Makes 200ml. In a blender, blitz together:
2-3 garlic cloves
50g wild garlic greens
150ml olive oil
7. Watch out for seasonal arrivals in the skies
Spring is in the air, and so are migratory birds! Swallows, cuckoos, puffins, and more will arrive in increasing numbers over the next few weeks. Species will vary depending on your location – your local birdwatching association will have info about which birds you should look out for.
8. Read in the wild
Relaxing outside on a sunny day with a good book is one of life’s simple pleasures. I recently bought new prescription reading sunglasses in anticipation of such delight this spring. I can’t wait to pack up a book and picnic blanket and seek out a tranquil spot to read in a local park.
9. Spot some spring lambs
“Spotting the first lambs of spring is a joyful thrill,” wrote Elspeth Thompson in The Wonderful Weekend Book. “All you have to do is look at the right time and in the right place.”
10. Volunteer in your community
Social connection and time in nature have both been shown to improve our wellbeing. So why not enjoy the benefits of both and spread some kindness in your community by getting involved in local projects like gardening or litter-picking.
11. Hunt for fossils
Spring is a great time to go fossil hunting, as winter's stormy weather and rough seas will have broken down rocks and uncovered new specimens.
You can find fossils in sedimentary rock (sandstone, limestone, shale) on beaches and around streams and rivers.
An online search should tell you where to look for fossils in your area, or if there are any fossil-hunting outings you can join.
12. Buy someone a bunch of daffodils
Daffodils are an ideal cheap and cheerful springtime pick-me-up. If you’re in Ireland like me, you can buy a bumper bouquet of daffodils in Aldi this week to support the Irish Cancer Society’s Daffodil Day.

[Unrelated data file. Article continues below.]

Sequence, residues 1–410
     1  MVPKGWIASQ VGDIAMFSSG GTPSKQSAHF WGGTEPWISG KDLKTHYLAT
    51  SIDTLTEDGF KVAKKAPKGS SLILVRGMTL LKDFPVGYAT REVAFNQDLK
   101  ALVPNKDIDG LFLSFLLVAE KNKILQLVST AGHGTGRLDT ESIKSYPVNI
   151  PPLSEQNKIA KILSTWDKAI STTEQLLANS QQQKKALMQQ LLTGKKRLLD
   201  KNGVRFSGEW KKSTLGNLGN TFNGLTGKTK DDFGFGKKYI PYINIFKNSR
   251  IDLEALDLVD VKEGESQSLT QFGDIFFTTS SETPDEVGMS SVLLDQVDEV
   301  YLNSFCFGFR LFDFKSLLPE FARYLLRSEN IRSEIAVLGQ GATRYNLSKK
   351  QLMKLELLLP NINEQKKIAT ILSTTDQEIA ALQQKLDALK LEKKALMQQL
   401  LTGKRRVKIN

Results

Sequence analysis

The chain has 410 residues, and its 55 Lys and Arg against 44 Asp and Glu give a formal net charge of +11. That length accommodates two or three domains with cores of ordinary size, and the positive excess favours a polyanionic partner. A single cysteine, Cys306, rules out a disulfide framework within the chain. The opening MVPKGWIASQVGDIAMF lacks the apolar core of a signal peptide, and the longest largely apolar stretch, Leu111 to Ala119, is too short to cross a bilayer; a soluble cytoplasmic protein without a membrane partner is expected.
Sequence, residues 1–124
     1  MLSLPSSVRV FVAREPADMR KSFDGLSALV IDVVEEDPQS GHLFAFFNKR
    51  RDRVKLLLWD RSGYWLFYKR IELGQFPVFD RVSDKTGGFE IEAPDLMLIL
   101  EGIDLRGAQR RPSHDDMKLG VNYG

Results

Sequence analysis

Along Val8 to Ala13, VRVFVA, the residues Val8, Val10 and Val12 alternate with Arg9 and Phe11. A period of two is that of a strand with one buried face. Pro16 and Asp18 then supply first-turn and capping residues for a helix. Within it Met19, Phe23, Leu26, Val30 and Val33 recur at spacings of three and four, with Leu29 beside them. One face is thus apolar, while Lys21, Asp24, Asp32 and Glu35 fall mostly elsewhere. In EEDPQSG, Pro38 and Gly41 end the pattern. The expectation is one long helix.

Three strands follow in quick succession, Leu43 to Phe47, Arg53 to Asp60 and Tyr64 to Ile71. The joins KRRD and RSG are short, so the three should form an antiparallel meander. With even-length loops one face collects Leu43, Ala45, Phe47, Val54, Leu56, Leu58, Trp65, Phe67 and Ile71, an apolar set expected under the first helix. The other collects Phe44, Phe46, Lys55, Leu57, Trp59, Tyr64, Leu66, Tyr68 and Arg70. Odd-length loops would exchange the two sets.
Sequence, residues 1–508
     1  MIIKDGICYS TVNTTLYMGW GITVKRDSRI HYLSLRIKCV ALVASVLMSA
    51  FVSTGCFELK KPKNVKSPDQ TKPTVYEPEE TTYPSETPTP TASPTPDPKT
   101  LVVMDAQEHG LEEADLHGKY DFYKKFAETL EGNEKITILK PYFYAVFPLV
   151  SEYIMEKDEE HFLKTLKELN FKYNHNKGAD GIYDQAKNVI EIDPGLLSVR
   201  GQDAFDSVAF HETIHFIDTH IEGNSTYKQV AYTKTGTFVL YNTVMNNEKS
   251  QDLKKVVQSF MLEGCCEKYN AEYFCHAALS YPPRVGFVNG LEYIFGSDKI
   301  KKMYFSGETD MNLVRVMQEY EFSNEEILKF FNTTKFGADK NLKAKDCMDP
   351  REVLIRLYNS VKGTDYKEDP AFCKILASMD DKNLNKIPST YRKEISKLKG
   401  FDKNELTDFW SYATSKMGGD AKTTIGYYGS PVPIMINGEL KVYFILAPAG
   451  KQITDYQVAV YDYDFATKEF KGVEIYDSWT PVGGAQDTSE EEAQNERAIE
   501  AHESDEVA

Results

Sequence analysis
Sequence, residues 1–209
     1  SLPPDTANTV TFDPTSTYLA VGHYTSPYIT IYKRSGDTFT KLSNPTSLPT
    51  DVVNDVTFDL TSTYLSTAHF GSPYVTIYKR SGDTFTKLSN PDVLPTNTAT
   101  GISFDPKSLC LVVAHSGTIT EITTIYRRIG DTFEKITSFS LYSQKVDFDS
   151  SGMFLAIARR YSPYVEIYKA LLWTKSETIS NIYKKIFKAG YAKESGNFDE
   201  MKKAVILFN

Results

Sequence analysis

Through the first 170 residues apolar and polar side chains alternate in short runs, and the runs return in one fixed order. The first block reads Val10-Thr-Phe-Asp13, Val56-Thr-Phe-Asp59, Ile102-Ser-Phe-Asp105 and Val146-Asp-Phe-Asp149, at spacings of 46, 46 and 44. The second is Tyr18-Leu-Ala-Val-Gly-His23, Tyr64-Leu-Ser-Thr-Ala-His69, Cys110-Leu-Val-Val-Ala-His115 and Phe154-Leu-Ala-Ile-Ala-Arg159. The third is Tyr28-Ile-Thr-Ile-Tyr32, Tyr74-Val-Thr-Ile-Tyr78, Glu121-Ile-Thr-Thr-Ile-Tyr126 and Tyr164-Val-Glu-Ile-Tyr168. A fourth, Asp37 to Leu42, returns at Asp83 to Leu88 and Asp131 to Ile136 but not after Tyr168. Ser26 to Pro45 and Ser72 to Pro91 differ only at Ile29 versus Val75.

13. Listen to the dawn chorus
The dawn chorus takes place in spring and early summer, and is “one of the most magical experiences in nature,” according to Birdwatch Ireland: “A multitude of birds of many different species, all singing together in harmony as morning breaks and light begins to fill the skies.”
14. Install a swift nesting box
Like many wild species, swifts are increasingly threatened through loss of nest sites and have suffered a huge population decline in the past decade. Buy or make a nest box and place it under eaves in April.
15. Create a flower wreath
Take your pick of online wreath-making tutorials – I like this step-by-step guide using natural willow and garden flowers.
16. Create botanic art using cyanotype
Cyanotype is a simple printing process invented in the 1800s. You can create your own cyanotype art using UV-reactive solution, some leaves or flowers, and sunlight. Buy a cyanotype kit here.
17. Re-energise your wardrobe
Now is the time to go through your wardrobe and store your winter woolies, says Hannah Bullivant, home stylist and decluttering expert:
“Air summer clothes outside before hanging in your wardrobe. Donate or discard anything which you no longer like, or is beyond repair. Donate anything which you feel a bit ‘meh’ about; you probably won't reach for it anyway, and a simple wardrobe of stuff that you love is surprisingly energising.”
18. Listen deeply
“The next time you’re having a conversation with someone, just listen,” recommends Rohan Gunatillake of Mindfulness Everywhere: “Too often, a so-called conversation is actually two monologues, with each person just waiting for the other to finish. There are few things as generous as listening deeply to a friend.”
19. Make gorse flower cordial
Did you know that those yellow flowers dotting the countryside can be used to make a sweet cordial? It’s best to forage gorse flowers in springtime when their coconutty flavour is strongest. I’ve used this recipe for gorse flower cordial before, and it was glorious.
20. And lastly, to quote a poem by Edith Nesbit,
“Go and kiss your lady; Spring is here again!”